Obesity Hinders Heart Health in Adolescence
Obesity would lead to cardiovascular disorders in adolescence, without modifying the heart rate.
A higher than normal body mass index (BMI) is known to cause cardiovascular disease during adult life, but its effect has been little studied in apparently healthy young adults. Having a high BMI could lead to poor cardiovascular health among young people as early as age 17, according to a study presented at the annual conference of the European Society of Human Genetics.
Hypertrophy and Blood Pressure From The Age Of 17 Years
Researchers from the Epidemiology Unit of the Medical Research Council (MRC-IEU) of the University of Bristol, UK, used the data from the longitudinal study Avon of Parents and Children (ALSPAC) to Study the potential link between increased BMI and cardiovascular health. Scientists used the “genetics” or genomic analysis of ALSPAC data to confirm this probable causal relationship in volunteers aged 17-21 years.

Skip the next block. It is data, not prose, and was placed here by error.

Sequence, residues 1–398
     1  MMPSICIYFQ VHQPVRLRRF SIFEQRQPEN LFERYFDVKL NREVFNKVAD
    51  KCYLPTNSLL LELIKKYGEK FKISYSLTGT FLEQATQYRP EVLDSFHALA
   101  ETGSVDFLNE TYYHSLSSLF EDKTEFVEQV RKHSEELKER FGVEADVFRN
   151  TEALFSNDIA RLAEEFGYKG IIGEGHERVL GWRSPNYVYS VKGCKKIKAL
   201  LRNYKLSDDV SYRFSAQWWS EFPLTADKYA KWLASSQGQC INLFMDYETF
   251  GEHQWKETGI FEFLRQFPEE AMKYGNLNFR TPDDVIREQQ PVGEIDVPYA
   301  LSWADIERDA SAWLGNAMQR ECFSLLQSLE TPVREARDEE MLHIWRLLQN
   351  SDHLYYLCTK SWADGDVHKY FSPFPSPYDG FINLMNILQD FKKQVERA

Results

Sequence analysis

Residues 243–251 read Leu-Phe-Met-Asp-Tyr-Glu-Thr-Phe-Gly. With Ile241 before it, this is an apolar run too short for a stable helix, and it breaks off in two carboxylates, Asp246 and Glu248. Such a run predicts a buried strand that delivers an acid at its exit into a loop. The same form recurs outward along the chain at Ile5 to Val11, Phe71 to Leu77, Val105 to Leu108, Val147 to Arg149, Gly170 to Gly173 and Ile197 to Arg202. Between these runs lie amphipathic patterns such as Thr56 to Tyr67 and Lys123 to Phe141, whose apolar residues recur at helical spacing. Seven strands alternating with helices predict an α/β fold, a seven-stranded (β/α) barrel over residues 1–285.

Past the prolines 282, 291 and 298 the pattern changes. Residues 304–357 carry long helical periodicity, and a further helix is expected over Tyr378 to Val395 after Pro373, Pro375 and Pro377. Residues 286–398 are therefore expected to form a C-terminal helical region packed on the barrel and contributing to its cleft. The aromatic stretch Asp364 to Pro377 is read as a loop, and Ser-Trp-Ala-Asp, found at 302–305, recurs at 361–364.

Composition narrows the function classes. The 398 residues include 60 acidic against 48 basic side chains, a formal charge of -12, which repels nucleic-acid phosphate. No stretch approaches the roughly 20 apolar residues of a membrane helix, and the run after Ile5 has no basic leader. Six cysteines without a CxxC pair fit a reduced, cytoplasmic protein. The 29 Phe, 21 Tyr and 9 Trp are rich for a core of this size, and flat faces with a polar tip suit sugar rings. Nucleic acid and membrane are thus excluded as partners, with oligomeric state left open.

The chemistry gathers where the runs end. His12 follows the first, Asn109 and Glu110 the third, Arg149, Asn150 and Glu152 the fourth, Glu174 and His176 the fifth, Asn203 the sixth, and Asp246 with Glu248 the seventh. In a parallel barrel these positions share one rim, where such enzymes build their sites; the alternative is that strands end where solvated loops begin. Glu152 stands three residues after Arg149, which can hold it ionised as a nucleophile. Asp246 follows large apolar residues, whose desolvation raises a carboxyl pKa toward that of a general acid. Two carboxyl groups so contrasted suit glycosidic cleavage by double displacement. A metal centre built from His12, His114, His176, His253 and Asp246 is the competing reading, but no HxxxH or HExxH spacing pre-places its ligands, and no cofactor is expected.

The results of this study showed that obesity does not modify the heart rate in adulthood, but promotes the risk of cardiac hypertrophy and high blood pressure from the age of 17 years.
“Our results have shown a causal impact between a higher BMI and cardiac hypertrophy and higher blood pressure,” says Dr. Kaitlin Wade, research associate of the Medical Research Council’s Epidemiology Unit (MRC-IEU ) Of the University of Bristol and author of the study.
“We believe there are clear messages for cardiovascular health in our results and we hope that they could lead to increased efforts to fight obesity early in life,” concludes Dr. Wade.